Marriages of medium, market and moment

Friends Reunited is the dotcom that investors were looking for when they opened their wallets in 1999 and 2000. Why it works and what it has in common with other successful web operations give some clues about the commercial future of the internet.

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This week a web site called Friends Reunited made it into the press. In the nature of these things, it was for a negative reason: the site is a “meeting place” for former pupils of UK schools, and teachers complained that they were being unfairly attacked in the chat areas. Huge issues of data protection and freedom of speech were raised, briefly, then forgotten as Friends Reunited said it would suspend its message board.

These are issues that will, I suspect, burst upon us mightily at some stage. Meanwhile, the Friends Reunited affair raises another intriguing issue. More than 2m people have used it, the message board has had 512,000 postings and its founder came in at number 10 in an FT listing of creative folk in the UK. Yet it is run from a house in north London, and has not spent a penny on marketing.

In other words, Friends Reunited is the dotcom that all those investors were looking for when they opened their wallets in 1999 and 2000. What makes it work? What does it have in common with other successful web operations? The answer may just give some clues about the real future of this strange medium.

As well as Friends Reunited, I’ve looked at two web-dependent businesses that are definitely working, and one that looks promising. They are the auction site ebay (and its various national variations), the components distributor RS Components and a teenage ‘hang-out’, Habbo Hotel.

What do they have in common, beyond their success (Habbo is the unproven one, but it does have 780,000 people signed up in less than a year)? First, they all play to the strengths of the web — including the low cost of data transfer, the ability to store huge amounts of data at very low cost, interactivity, and the fact that sites can be updated instantly. Put together, these strengths make the web a wonderful meeting and matching place. Second, they play to human nature. And third, they got their timing right.

Simple and compulsive

Friends Reunited is blindingly simple. Look up your old school. See if any of your former chums have registered; sign up for yourself, and post details and a photo if you like. Then, for a £5 annual fee, send them e-mails and join the message boards (when they are available). Every week or so, you are sent an e-mail telling you that people from your year have signed up. It is almost impossible not to click on the link to see who they are. The site uses the web’s storage, interactivity and updatability in bucketloads; it also hits a psychological spot that is almost irresistible. Not surprise that it has become so popular without any active marketing. Every time in the past three months someone has said “Have you seen this site?” I knew they were going to tell me about Friends Reunited.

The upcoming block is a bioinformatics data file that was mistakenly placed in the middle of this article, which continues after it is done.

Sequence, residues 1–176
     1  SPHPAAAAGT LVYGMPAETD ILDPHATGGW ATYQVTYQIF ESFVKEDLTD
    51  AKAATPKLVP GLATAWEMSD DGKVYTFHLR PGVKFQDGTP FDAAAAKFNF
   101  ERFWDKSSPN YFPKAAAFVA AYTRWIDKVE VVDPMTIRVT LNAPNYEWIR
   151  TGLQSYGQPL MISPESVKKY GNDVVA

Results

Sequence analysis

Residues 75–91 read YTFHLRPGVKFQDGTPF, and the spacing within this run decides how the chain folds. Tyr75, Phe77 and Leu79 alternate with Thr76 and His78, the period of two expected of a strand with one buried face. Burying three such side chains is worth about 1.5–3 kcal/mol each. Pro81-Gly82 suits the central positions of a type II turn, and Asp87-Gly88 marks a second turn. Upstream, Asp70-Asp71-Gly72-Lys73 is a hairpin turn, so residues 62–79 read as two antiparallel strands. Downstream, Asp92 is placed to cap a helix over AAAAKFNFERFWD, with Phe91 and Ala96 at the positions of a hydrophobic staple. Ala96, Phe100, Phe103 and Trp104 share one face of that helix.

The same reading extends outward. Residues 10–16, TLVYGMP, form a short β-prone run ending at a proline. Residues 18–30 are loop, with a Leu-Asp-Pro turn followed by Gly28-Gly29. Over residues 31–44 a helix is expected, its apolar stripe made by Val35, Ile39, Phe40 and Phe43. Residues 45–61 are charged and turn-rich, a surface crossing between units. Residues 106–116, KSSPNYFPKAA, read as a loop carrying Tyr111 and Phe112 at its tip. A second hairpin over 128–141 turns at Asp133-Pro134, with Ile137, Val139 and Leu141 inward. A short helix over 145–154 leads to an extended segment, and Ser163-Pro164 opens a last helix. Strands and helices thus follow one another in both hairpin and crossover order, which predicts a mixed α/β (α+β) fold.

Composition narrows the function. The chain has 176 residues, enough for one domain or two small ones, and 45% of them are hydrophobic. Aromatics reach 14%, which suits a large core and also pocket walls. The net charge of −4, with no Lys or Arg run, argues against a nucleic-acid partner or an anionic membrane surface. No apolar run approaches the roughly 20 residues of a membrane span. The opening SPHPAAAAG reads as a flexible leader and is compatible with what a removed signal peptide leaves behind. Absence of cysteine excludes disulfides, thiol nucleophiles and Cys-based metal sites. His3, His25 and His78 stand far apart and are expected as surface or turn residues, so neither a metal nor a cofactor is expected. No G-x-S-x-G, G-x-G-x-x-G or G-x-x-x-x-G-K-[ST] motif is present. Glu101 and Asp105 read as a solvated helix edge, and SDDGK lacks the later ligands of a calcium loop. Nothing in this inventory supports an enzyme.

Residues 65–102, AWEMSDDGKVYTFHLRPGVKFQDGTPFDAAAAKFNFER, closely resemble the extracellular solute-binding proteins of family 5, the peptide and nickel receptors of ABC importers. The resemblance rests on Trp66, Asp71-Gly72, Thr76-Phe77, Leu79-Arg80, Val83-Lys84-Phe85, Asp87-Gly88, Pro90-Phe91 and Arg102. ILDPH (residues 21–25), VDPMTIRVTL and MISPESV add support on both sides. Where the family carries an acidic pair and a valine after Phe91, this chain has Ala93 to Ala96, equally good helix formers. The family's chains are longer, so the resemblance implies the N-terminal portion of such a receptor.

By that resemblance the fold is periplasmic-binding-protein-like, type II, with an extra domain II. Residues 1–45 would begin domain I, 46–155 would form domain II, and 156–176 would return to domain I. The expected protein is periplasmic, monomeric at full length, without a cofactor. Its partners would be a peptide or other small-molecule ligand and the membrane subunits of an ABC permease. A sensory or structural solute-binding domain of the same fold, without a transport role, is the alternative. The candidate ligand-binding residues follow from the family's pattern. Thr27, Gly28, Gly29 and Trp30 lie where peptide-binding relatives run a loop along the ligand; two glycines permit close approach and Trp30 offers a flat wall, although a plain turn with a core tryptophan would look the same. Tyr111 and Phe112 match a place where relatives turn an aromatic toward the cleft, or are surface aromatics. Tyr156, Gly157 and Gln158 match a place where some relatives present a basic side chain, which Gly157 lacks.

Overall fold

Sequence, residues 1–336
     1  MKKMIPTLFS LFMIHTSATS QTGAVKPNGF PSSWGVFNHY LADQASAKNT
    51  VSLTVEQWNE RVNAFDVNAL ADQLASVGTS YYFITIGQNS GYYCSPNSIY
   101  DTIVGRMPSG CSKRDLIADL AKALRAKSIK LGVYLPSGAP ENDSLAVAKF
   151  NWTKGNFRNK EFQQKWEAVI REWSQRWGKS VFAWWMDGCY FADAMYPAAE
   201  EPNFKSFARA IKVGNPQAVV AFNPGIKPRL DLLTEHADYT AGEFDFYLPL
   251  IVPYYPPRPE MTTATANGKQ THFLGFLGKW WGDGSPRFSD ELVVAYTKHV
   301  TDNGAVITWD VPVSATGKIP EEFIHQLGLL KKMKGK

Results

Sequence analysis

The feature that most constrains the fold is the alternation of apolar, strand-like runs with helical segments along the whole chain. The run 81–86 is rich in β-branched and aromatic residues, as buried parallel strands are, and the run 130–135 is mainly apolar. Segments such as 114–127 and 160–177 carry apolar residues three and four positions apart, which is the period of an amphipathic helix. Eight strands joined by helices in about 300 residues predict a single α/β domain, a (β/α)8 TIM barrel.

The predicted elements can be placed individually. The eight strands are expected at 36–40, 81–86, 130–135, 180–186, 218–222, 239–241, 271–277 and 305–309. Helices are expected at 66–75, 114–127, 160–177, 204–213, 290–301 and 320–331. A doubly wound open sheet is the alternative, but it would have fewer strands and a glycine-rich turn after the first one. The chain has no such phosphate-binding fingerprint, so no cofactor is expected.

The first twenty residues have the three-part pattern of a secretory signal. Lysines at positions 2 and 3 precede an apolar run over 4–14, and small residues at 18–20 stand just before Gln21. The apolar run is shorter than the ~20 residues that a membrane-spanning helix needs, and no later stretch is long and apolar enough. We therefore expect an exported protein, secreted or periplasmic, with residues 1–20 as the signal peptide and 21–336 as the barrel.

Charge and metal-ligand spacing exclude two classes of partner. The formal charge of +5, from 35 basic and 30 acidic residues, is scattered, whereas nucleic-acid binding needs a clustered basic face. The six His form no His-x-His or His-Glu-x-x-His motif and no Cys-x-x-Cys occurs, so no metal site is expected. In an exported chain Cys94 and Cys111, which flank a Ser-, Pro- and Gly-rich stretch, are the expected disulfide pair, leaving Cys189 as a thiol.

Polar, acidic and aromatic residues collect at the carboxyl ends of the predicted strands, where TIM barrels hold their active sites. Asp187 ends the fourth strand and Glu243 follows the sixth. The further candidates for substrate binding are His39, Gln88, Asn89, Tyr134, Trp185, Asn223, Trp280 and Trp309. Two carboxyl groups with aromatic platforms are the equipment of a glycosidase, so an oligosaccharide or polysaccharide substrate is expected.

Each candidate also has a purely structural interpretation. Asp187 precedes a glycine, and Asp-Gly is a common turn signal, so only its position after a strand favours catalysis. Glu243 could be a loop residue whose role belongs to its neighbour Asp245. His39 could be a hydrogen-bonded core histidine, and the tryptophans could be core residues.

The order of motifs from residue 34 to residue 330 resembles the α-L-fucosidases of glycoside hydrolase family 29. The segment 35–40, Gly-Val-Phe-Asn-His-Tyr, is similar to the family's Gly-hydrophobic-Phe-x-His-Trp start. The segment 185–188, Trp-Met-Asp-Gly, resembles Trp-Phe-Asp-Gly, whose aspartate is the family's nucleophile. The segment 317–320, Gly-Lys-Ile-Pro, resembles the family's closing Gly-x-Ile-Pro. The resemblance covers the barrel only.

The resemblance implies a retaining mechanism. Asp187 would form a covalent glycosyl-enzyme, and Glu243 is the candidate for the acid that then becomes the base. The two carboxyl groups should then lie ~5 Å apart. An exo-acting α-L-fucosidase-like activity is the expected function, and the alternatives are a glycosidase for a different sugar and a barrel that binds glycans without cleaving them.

I suspect if I were a teenager, I would probably know about Habbo too. It plays on the same compulsion that drives the SMS messaging craze — to communicate and play, well away from the eyes (and probably comprehension) of parents. Habbo is a “virtual hotel” where teenagers can go to chat. They can set up their own “private rooms” (90,000 so far), which they can furnish as they will. A chair costs 10p; a bath with bubbles 90p. Some users have set up their rooms as Who wants to be a millionaire? sets, and have run competitions with furniture as prizes. Habbo plays to the web’s strengths, and it taps teenage psychology.

Interactive and targeted

Where do eBay and RS Components fit in? For a start, they both use the web’s storage, interactivity and updatability. They are also ‘meeting places’ — putting hundreds of thousands of products in touch with hundreds of thousands of people. The psychology is right too. Ebay is addictive — for many people it has become more of a need than a transactional device (though for others, it is also their livelihood). RS Components has been selling components by mail order for many years — but its targets have always been the technically-inclined, who took to computers early on.

Timing and profitability

So what’s this about timing? Well, these companies have done well because they rode the wave. When I first started looking at the web, the big auction site was Onsale — but it was too early. Ebay came along at just the right moment. I could give any number of other good ideas that failed because they were ahead of their time. I’m quite sure that neither Friends Reunited nor Habbo would have succeeded even two years ago: there weren’t enough people online.

Then there is the little matter of profit. Well, they all have clear revenue streams — in some cases, multiple revenue streams. Friends Reunited makes money from advertising and from those £5 fees, Habbo from selling virtual furniture, from sponsorship and from selling market research (You want to know what 16 year olds want? We can find out). Ebay and RS make revenue from more traditional cuts. But revenue generation is the effect, not the cause: the key lies in the more fundamental factors I have been talking about Which, oddly, was the thinking of many investors when they poured cash into dotcoms: if it’s a good idea, it must make money. The truth was that if it was a good idea launched at the right time, it would make money. Still true, actually; but try telling that to investors.

First published on 16 November, 2001